ACR to Congress: Pump the brakes on proposed changes that could hurt radiologists

The American College of Radiology (ACR) is now asking Congress to intervene to help stop budget changes that could severely hamper imaging professionals.

College officials are concerned about proposed changes to Evaluation and Management (E/M) services aimed at reducing administrative burdens and improving payment rates. Those are spelled out in the proposed physician payment schedule for 2020 from CMS.

Proposed reimbursement changes would “greatly benefit” some doctors, but penalize others who don’t bill for E/M services, including radiologists. E/M services account for about 25% of all Medicare dollars, and such changes should be debated by the House, the ACR argued in a statement issued Monday, Oct. 1.The ACR also wants to suspend budget neutrality as it relates to this change.

“The proposed CMS policy would reallocate tens of billions of those dollars, which goes beyond the appropriate scope of the power of the executive branch and rightly deserves to be debated in Congress,” ACR CEO William Thorwarth, MD, said in a prepared statement. “Only Congress can waive the ‘zero sum game’ of the Medicare Physician Fee Schedule. ACR will work to get legislation to remedy this proposal considered by Congress.”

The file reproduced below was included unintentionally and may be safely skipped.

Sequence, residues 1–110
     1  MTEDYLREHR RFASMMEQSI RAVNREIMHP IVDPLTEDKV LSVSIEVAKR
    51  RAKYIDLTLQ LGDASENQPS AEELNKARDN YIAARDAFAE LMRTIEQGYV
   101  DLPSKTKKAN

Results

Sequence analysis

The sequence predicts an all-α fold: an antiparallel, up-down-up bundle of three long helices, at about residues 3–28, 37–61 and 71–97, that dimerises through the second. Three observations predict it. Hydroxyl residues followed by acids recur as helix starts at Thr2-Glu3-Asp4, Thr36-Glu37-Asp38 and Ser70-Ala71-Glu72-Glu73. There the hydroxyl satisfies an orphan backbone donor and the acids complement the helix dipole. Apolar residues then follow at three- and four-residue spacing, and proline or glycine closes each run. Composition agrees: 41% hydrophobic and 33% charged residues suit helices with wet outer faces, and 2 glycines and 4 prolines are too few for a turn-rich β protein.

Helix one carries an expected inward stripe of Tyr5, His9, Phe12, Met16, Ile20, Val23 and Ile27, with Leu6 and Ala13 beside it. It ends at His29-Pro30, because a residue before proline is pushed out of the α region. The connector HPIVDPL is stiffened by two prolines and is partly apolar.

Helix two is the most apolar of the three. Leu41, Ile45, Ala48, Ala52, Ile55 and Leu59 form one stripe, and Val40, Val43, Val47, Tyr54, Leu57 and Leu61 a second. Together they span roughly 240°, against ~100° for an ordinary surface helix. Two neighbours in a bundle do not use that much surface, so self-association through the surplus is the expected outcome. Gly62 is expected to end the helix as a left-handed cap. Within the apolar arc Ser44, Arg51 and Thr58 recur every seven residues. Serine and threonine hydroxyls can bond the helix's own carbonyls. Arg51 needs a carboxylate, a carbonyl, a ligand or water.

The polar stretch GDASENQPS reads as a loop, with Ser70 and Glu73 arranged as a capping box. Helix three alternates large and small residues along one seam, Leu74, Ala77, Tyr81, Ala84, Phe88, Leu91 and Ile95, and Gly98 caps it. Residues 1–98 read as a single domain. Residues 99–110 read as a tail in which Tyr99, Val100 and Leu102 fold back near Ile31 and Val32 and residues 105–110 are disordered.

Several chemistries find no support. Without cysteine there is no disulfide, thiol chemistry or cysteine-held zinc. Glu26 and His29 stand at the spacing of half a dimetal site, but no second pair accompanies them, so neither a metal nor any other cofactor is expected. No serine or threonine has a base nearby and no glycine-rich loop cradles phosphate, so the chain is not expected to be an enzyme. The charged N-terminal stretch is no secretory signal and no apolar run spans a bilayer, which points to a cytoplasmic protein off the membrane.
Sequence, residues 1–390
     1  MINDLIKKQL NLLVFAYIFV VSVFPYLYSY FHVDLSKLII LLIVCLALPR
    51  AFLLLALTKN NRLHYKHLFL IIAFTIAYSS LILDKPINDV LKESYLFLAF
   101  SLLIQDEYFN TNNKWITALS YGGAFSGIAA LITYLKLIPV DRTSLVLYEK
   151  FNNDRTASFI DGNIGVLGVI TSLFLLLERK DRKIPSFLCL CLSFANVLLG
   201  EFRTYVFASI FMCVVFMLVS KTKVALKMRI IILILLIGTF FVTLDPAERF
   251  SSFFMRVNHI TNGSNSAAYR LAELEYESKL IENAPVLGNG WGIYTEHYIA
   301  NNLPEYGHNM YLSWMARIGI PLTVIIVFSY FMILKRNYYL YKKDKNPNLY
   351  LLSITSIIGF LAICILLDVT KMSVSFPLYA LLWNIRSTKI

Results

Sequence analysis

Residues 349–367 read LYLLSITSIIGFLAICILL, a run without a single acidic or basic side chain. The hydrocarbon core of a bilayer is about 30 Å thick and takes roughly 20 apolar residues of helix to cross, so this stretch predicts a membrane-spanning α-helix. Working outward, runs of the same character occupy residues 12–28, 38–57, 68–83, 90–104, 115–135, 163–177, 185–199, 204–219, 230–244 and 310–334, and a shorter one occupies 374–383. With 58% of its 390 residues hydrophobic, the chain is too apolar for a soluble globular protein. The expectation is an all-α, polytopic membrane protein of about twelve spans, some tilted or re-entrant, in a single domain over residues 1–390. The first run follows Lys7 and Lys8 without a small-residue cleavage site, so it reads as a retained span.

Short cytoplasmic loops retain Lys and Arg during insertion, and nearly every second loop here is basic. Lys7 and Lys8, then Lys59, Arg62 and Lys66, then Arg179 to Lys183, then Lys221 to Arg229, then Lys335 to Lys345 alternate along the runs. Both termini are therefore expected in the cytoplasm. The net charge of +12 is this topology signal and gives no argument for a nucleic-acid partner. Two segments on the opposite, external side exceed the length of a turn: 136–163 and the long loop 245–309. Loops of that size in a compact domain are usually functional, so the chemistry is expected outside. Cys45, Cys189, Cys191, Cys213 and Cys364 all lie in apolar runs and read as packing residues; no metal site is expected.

Thorwarth also sent a letter to the head of CMS on Friday, Sept. 27—separate from previous public comments—to “underscore our concerns about the direction and consequences of this proposed policy.”

As reported previously, an analysis commissioned by the college estimated that office-based E/M services account for about 25% of all spending in the Medicare Physician Fee Schedule. Increasing the valuation of those services, as proposed by CMS, would spell a $5 billion reimbursement increase in one year. But the ACR is concerned because budget-neutral mandates mean the increase would have to be offset somewhere else. If implemented, the college estimates, the result would be an 8% reduction in payment to diagnostic radiologists, 6% to interventional radiology, 5% to nuclear medicine and 4% to radiation oncology and therapy centers.